(Soloviev and his Colorado Pacific Railroad pushed the Surface Transportation Board to approve his freight plan for the long-inactive Tennessee Pass Railroad between Cañon City and Dotsero. Soloviev opposed the fledgling railroad’s plans Colorado Midland & Pacific provide freight and passenger service on the Tennessee Pass Line.

Colorado Midland & Pacific is owned by the same company planning the new Uinta Basin Railroad, fueling speculation that the company could ship Uinta Basin crude oil up the mountain route as an alternative to its controversial plans to to move oil down the Colorado River through Colorado.)

Daniel thinks Soloviev would work with communities in the valley on recreational access. San Luis Valley Great Outdoors recently received a $100,000 grant from the Colorado Office of Outdoor Recreation – which distributes outdoor recreation grants from the state of Colorado with funding from the U.S. Economic Development Administration – to initiate planning for the Heart of the Valley Trail.

“We’re really curious about how we can connect not just communities to communities, but also communities to public lands,” Daniel said. “We often find this in rural communities where people find themselves without pedestrian opportunities to access downtown areas or public lands.”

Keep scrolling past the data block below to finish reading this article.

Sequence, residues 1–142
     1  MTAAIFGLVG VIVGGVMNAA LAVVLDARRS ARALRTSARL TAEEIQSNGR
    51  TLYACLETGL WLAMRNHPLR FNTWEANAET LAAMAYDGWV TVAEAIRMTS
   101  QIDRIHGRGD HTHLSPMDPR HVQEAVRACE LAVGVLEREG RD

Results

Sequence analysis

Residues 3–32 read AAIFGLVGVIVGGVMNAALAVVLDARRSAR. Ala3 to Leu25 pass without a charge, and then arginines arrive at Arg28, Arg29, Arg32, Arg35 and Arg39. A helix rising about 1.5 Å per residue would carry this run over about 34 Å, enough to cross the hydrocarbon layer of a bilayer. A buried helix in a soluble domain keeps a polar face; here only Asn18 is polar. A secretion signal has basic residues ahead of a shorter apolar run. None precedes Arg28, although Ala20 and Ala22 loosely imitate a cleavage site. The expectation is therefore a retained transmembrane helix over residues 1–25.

The planned 154-mile trail would span the San Luis Valley, cross six counties, and largely follow federal, state, and local roads between Walsenburg and South Fork and Antonito and Salida. Many proposed sections of the trail would involve rail rights-of-way. A national heavyweight like Omnitrax, Daniel said, might not weigh in on community concerns as much as a smaller operator.

“Who knows what Omnitrax wants to do with it, but this is our opportunity. This is our Hail Mary to say there might be a different view here and should we take that into account, he said. “We are not opposed to the sale of the railway. We simply oppose Omnitrax.

The auction for the San Luis & Rio Grande Railroad – which is expected to include Omnitrax, Soloviev and railroad lender Big Shoulders Capital LLC, which lent money to the Iowa Pacific in 2017 and was among the lenders who forced the railroad owner into bankruptcy – set for Nov. 17 has a minimum bid of $6.05 million with a $450,000 deposit and $150,000 “break-up fee.”